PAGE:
Mephistopheles Of Wall Street


When Gould first came to Wall Street, in the early 1860s, there was little law limiting the actions of speculators or business managers, and a dog-eat-dog financial market was flourishing there as never before. But Gould did not create these conditions; rather he exploited them with a genius that none of his contemporaries could match. In the ruthless, every-man-for-himself world of mid-nineteenth-century Wall Street, Jay Gould was as ruthless as necessary and far more creative than most. Moreover, his genius was seldom revealed in his conversation. Gould had early learned the advantages that listening has over talking, and he was always notably quiet, an unnerving trait. His intellect nonetheless leaked out through his extraordinary dark eyes. “While you speak,” wrote Harper’s Monthly , when Gould was still only in his early thirties, “he listens, and looks at you with eyes which freeze and fascinate.” To put it bluntly, Gould was scary.

It hardly helped Gould’s public image that so capable a mind and so intense and introspective a personality was contained within a body of almost pathetic inadequacy. Gould stood only five feet two inches tall and he struggled most of his life with sickness and poor digestion. Tuberculosis was to kill him when he was only fifty-six. “He was almost the thinnest man I ever met,” remembered the journalist William A. Croffut in his memoirs. “I saw him take the plunge in the Turkish bath at Saratoga. His arms were small, his chest was hollow, his face was tawny and sallow, and his legs! Well, I never before saw such a prominent ‘bull’ that had such insignificant calves. Perhaps—perhaps you could not put a napkin ring over his foot and push it up to his knees; I am not certain.”

Gould could have made himself respected with a good PR campaign. He chose silence instead, and his reputation has never recovered.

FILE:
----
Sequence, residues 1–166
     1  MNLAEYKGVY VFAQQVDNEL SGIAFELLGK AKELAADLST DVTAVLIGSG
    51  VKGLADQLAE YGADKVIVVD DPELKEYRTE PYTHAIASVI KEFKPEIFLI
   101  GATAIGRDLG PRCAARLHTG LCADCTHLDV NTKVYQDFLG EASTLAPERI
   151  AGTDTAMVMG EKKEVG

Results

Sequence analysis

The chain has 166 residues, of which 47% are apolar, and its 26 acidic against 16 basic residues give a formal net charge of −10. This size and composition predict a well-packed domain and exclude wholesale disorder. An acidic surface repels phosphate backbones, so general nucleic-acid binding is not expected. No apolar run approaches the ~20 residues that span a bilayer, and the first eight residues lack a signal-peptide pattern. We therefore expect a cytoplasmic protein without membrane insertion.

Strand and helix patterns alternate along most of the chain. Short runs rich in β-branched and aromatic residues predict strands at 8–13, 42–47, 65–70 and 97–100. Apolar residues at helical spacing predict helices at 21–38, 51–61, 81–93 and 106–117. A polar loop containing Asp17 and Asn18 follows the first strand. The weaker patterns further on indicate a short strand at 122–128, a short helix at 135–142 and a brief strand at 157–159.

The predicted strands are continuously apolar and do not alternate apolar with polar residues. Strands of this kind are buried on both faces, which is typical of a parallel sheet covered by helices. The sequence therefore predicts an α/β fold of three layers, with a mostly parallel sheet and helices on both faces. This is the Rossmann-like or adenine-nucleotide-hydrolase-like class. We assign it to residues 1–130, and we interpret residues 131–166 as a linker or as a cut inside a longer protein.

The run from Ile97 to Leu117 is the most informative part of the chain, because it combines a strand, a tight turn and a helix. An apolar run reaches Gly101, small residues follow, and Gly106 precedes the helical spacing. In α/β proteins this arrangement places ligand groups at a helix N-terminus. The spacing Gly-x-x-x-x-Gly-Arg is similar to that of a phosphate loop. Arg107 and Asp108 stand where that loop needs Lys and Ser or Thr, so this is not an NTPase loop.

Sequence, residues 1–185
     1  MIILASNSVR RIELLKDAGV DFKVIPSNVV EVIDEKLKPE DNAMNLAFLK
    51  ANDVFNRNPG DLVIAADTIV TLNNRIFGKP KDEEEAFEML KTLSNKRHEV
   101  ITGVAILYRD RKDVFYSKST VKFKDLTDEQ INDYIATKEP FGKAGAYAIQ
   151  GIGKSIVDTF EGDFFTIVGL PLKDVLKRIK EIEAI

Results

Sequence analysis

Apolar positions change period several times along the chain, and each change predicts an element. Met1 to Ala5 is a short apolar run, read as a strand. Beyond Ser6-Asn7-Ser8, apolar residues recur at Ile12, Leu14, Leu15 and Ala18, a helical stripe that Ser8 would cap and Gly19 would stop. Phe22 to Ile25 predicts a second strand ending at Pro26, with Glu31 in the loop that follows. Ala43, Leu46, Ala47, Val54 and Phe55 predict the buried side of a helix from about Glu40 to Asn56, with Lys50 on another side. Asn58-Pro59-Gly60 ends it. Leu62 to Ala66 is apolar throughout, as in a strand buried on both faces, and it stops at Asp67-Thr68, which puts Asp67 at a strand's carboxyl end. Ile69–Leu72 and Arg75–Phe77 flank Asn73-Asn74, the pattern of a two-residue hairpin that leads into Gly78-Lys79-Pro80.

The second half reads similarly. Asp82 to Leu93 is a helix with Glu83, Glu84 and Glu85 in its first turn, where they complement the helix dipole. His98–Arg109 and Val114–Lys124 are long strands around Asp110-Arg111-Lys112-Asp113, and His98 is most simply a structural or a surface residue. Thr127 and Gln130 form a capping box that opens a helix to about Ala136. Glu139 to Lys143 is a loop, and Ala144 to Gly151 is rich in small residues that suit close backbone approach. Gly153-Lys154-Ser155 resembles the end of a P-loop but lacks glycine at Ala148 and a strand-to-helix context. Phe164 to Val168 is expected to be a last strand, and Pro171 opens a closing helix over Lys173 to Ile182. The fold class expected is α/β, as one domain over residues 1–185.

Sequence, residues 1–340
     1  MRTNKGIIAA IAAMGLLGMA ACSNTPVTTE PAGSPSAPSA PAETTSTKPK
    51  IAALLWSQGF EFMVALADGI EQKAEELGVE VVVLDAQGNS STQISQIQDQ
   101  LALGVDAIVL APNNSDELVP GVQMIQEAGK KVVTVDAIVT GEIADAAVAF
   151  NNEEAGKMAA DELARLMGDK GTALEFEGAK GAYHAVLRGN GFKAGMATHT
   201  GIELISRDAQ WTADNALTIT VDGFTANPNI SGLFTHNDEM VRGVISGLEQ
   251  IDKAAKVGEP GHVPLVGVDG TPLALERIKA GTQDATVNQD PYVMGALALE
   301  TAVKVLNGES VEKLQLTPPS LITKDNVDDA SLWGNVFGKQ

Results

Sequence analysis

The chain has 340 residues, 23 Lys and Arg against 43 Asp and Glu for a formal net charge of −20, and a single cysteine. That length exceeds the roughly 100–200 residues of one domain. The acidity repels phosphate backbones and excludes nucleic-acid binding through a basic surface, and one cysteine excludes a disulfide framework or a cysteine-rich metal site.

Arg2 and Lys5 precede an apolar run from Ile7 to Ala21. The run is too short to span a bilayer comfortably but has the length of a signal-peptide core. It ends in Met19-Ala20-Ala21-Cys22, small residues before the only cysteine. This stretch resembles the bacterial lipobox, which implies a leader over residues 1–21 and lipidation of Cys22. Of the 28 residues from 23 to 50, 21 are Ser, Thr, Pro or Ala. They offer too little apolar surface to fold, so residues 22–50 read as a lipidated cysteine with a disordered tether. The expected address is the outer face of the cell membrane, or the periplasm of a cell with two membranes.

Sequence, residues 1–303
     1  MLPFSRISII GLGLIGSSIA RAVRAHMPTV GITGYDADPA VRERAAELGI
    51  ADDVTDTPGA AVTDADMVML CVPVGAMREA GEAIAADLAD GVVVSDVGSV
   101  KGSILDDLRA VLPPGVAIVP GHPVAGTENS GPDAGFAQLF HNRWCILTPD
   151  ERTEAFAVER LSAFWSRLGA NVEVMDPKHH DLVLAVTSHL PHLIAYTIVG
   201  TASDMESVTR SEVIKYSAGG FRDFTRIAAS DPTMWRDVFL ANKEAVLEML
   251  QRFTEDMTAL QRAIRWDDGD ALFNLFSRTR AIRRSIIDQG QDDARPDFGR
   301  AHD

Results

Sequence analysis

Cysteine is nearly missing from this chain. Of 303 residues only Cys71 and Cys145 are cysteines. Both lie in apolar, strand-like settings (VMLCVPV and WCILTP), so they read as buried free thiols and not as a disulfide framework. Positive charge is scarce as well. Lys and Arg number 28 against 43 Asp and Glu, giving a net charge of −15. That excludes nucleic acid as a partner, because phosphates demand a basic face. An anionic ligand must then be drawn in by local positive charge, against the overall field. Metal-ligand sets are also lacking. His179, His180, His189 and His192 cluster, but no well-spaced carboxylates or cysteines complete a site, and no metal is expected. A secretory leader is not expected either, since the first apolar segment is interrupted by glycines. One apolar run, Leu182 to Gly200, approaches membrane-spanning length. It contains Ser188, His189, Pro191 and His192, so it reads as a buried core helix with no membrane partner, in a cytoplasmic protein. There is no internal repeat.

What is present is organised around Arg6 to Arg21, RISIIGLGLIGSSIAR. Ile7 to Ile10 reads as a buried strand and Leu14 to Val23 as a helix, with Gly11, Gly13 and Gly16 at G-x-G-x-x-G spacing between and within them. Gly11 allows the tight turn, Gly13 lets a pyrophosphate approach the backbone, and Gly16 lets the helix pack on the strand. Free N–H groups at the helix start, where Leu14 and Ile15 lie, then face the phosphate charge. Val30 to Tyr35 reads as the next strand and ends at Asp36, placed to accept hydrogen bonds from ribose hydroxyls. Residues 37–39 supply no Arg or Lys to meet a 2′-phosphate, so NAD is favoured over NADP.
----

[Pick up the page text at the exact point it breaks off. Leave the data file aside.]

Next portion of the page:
Gould’s immense financial success was certainly resented by the many who lost money because of him in the great game of Wall Street, while his shyness and puny body were unlikely to make him popular with people outside the bosom of his family. But it was well within Gould’s capability to make himself respected, perhaps even admired, with a good PR campaign and a few splashy charitable donations. John D. Rockefeller accomplished exactly that for himself a generation later. Gould chose silence instead and let his reputation be what his enemies might make of it. It has not recovered in a hundred years.

I once found a clipping from the back pages of some newspaper pasted into a copy of Gould’s History of Delaware County . (Written when he was only nineteen, Gould’s 426-page book is still the definitive work on the early history of the western Catskill region where he was born.) There was no indication what newspaper the clipping might have been from, only a penciled notation that seemed to indicate it was printed in 1909, seventeen years after Gould’s death.

The article told of an incident when Gould was traveling out West. His train had stopped briefly to take on water and coal at a depot and Gould got out to stretch his legs. Noticing a crowd standing outside a church on a nearby hill, he wandered up to investigate, for it wasn’t a Sunday. He discovered that the mortgage holder was foreclosing on the church and that an auction was being held to dispose of the property. When Gould learned that the mortgagee would settle for fifteen hundred dollars (well over twenty thousand dollars in today’s money), he took a roll of bills out of his pocket and bought the lien.

“Stranger,” someone asked Gould, “what are you going to do with the claim you’ve just bought?” Gould wanted to know who was asking, and the man replied, “Why, I am a steward of this church. The members and Sabbath school scholars are in the church, with the presiding elder and pastor, on their knees, praying God to come to our help and save the church.”

“Mr. Gould,” the clipping continues, “said nothing, but, taking the receipted bill and cancelled lien, he gave them to the steward, and turning toward the depot walked rapidly back to his train. The steward entered the church, now free, and told his people what the Lord had done, and they sang the doxology on their knees. Then they went out into the streets to find the stranger. They soon found that the little man was none other than Jay Gould. His train had gone, and only a cloud of dust on the far-away prairie indicated where their benefactor was.”

While unverifiable, for me the story has the ring of truth about it. So even if the Mephistopheles of Wall Street would do nothing to improve his public image, I see no reason why I should not do a little something for it.